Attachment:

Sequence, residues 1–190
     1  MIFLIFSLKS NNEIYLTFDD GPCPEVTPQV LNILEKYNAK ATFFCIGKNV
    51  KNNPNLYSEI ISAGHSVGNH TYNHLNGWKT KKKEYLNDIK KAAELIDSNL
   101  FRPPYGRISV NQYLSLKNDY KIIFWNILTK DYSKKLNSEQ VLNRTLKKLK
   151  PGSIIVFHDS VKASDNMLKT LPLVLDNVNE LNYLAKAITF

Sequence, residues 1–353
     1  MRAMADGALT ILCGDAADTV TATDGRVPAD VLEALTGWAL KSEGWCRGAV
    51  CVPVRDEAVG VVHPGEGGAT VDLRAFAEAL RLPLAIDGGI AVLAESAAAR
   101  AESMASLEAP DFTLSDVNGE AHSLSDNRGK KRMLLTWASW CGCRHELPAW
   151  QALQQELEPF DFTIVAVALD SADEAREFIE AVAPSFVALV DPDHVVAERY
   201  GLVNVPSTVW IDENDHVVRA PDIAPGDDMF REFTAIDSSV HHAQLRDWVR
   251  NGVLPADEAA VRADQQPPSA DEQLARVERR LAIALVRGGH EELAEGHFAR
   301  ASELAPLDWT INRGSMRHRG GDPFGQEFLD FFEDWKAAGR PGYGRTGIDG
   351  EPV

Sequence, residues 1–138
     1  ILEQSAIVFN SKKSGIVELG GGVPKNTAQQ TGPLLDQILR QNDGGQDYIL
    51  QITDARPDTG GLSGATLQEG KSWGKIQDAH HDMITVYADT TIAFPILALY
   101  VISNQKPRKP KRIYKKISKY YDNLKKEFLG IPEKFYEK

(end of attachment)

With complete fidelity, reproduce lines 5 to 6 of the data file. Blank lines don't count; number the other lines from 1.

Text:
   151  PGSIIVFHDS VKASDNMLKT LPLVLDNVNE LNYLAKAITF

Sequence, residues 1–353